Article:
Before Going Back To School, Go Back To Your Doctor

If it’s time to get ready for another school year, it’s also time for your child’s annual check-up with your family physician. One way to improve overall health and well-being, is through regular well-checks. This is especially true for children.

While many kids may be required to get an annual physical for athletic programs or extracurricular activities, this is a habit parents should help form for every child. Yearly check-ups are essential for tracking growth and development and for identifying potential health problems before they start or become severe. They also allow parents an opportunity to ask questions or raise any concerns with a medical expert. Annual visits are also an ideal time to stay up-to-date on essential vaccinations (more on those next week).

The American Academy of Pediatrics (AAP) recommends the following well-check schedule for all children.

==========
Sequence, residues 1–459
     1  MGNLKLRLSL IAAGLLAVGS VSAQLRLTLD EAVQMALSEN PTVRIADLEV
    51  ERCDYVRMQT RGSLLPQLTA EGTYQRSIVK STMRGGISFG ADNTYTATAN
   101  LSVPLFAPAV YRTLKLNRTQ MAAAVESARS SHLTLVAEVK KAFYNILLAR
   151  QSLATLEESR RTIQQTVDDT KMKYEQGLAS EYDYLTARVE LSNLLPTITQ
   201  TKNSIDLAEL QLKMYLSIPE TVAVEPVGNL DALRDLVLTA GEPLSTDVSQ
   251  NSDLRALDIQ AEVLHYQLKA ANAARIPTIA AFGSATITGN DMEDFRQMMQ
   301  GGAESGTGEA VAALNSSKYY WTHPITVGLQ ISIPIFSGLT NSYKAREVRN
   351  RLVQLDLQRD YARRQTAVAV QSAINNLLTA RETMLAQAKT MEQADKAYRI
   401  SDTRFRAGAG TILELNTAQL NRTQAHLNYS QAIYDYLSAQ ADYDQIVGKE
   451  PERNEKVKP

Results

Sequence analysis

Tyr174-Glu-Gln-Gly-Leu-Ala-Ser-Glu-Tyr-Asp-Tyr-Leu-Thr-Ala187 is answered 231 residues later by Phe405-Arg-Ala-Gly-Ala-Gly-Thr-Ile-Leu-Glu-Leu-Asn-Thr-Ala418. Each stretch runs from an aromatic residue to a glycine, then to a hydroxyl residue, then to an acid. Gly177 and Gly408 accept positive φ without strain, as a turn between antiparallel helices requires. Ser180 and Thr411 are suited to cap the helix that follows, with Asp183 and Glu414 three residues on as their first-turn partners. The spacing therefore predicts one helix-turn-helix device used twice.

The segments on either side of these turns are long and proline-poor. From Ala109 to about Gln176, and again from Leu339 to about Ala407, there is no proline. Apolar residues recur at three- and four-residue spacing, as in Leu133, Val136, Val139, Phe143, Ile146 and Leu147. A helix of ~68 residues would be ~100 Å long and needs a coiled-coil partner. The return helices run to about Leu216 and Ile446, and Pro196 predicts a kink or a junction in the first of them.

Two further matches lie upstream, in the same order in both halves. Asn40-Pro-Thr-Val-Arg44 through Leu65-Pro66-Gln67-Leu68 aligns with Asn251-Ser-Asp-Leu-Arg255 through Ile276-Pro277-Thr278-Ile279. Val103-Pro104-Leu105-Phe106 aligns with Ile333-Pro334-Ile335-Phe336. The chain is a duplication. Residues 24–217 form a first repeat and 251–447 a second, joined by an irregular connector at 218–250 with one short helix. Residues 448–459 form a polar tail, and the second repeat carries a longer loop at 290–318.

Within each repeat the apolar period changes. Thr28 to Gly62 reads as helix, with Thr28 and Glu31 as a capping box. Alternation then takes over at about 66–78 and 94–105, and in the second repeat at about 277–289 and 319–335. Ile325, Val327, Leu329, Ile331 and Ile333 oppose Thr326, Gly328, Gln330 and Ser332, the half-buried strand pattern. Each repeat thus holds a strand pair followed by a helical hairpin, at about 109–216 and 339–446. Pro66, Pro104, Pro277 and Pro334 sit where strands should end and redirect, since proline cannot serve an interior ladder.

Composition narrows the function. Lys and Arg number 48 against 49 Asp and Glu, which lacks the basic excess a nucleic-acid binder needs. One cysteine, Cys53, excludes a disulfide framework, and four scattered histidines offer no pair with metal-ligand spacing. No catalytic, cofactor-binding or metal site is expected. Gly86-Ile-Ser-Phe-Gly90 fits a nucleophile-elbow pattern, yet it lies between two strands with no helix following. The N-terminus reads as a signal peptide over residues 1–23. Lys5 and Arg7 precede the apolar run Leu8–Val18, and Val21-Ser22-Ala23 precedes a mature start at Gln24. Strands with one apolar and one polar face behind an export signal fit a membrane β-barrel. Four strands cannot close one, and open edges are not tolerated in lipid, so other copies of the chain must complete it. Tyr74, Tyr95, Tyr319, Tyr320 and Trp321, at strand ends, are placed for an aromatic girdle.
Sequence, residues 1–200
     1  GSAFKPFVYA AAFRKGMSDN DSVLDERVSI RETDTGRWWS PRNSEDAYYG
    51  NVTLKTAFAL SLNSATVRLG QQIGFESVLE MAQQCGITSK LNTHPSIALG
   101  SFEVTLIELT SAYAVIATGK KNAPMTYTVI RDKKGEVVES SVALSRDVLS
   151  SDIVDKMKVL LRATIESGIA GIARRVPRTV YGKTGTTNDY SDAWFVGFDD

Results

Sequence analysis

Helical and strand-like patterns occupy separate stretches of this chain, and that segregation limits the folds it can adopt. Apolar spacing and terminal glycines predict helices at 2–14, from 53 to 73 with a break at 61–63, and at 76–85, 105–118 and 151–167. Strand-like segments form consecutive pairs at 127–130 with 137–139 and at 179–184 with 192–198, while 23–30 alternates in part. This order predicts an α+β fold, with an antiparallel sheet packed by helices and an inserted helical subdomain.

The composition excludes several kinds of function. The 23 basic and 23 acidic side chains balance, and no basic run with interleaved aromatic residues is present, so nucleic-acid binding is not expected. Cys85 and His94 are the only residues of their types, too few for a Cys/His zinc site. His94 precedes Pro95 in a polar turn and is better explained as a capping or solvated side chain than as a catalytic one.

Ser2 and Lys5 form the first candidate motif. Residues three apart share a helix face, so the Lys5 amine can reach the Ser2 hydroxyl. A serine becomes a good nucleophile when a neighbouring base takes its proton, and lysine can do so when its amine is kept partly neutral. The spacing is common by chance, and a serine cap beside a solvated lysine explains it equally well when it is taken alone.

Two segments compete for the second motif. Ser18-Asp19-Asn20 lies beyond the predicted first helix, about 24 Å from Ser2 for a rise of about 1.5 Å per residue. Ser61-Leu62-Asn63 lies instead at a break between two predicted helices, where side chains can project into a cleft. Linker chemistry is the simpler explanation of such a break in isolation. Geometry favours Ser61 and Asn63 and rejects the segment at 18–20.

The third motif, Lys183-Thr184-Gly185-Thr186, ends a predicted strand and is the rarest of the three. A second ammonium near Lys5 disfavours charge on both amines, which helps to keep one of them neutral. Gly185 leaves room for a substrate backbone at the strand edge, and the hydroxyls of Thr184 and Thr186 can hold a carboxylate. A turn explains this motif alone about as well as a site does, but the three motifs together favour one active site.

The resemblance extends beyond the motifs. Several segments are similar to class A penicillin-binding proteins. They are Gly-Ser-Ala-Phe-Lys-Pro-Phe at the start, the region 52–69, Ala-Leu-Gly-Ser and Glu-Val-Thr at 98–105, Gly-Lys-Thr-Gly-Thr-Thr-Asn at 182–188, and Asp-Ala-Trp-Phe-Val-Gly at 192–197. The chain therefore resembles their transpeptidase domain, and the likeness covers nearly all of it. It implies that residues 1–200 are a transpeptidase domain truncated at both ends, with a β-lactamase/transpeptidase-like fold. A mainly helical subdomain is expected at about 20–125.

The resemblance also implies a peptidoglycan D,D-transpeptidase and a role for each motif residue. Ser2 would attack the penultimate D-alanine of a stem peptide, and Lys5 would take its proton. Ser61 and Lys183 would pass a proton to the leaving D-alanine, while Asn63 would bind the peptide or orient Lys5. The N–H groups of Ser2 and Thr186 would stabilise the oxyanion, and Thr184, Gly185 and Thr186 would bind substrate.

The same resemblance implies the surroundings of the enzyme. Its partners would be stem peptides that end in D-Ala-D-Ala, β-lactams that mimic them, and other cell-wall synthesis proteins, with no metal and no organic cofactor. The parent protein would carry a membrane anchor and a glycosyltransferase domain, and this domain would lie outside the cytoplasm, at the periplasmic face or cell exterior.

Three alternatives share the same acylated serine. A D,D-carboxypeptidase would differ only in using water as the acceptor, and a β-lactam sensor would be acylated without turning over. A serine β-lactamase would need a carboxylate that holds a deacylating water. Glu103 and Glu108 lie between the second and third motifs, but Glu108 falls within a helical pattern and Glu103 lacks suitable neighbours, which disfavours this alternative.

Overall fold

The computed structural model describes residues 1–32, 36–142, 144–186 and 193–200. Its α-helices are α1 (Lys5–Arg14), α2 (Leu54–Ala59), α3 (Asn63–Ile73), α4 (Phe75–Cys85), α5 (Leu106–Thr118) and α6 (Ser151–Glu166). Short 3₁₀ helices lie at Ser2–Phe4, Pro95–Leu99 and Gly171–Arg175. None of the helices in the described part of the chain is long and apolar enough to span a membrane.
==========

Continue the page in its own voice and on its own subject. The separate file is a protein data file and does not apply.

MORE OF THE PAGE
For newborns through the toddler years:
•2 to 5 days old
•1 month old
•2 months old
•4 months old
•6 months old
•9 months old
•12 months old
•15 months old
•18 months old
•2 years old (24 months)
•2 ½ years old (30 months)

Once children hit the age of three, they should visit their doctor every year until the age of 21.

All children who participate in athletics should get Pre-participation Physical Exams (PPE), often referred to as a sports physical. Just as a well-check allows healthcare professionals to catch health conditions early, a pre-sports physical allows them to make sure there aren’t any underlying medical conditions that could be dangerous or physically limiting for the child, like asthma, heart murmurs or bone and joint problems.

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